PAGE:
I lost, but I didn’t look at it as a political loss because I built more relationships and I gained experiences I needed. On top of that, for me, the impact and the win were just seeing how we got a lot of other working-class young people of color involved. That’s where our campaign did so well. We gave them the opportunity they never had before. And now, those same young people have worked on are continuing working on other campaigns or anything that’s politically related; they’re doing it! That’s the impact we’re trying to make. Everything we’re trying to implement today is gonna affect the generation of tomorrow. That’s what it’s all about at the end of the day, because we’re only here for so long. But when you look at the housing prices, climate change, national healthcare, people can’t buy a home, that’s all been done by people that came before us, and we’re suffering. So now we have to worry about the next generation and put them in a position where they feel like they could make a difference.

You went against Meeks; now you’re going to challenge David Weprin for the New York State Assembly seat in the 24th district in Queens. His father was State Assembly speaker in the early ’90s and his brother is a former State Assemblyman too. Why is it important to get rid of such political dynasties?

(Dynasties) go against everything that we do in a democracy. He’s been in office for like 15 years, but before him, his brother (Mark) was in that seat. Before his brother was there, his father (Saul) was in that seat, so they’ve been there for 50 to 60 years. During those years, the demographics were different. The community was different. There were a lot more white moderates, but now, there are a lot of working-class immigrants there. When we’re talking about representation, one, that’s really important, but two, that should really reflect in a representative because there’s a culture barrier, there’s a language barrier to overcome. Because then, they understand the issues that you’re going through, and they could actually help you. That should be reflected in your representative.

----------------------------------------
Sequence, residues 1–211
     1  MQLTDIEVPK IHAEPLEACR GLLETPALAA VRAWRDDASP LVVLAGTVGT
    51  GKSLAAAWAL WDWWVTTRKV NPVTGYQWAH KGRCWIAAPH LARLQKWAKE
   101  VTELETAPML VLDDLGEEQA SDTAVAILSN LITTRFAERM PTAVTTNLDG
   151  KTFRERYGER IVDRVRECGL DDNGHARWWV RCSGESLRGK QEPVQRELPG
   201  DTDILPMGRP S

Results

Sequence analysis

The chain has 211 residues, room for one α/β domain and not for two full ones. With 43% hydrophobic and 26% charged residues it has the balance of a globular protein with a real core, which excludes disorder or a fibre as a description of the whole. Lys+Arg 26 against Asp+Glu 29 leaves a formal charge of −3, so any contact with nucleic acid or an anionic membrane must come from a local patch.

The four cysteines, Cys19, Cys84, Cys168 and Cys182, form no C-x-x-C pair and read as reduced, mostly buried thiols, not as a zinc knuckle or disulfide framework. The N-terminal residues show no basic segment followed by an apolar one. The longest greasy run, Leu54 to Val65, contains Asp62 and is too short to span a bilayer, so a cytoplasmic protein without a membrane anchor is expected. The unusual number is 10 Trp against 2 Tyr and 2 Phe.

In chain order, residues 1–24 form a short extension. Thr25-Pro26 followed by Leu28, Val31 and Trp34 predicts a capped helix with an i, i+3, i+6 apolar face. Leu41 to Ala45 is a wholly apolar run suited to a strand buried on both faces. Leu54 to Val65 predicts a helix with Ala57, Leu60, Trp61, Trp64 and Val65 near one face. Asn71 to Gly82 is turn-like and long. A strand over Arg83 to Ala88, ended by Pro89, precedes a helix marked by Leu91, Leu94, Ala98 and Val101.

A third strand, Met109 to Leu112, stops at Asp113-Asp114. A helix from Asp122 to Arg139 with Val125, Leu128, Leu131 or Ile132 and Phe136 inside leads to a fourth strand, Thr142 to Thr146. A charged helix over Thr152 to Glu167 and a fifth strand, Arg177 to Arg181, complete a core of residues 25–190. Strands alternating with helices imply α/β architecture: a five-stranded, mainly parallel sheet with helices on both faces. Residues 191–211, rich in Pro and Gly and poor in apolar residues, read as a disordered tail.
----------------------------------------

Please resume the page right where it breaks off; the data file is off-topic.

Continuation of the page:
This Assembly District encompasses many smaller assembly seats or state senate seats, so when I ran for Congress, we won a lot of seats in that Assembly District. A lot of it had to do with demographics, the working-class policies we put out, and people believed in it. So, it shows that it’s possible. And (Weprin) ran for another political seat in the middle of the pandemic. When he ran, it was at a time where the communities needed him, and he was just like, you know what, I’m gonna run for another seat while people don’t have access to food and people are still struggling to keep a roof over their heads. It just shows that he doesn’t care, and he doesn’t wanna be here, and that’s totally fine! It’s cool, you did your time, but if you don’t wanna be here, then maybe it is time for a change. No one is entitled to a seat. This job is about being a public servant, not about being a career politician. If that’s what you’re about, then you’re self-fulfilling.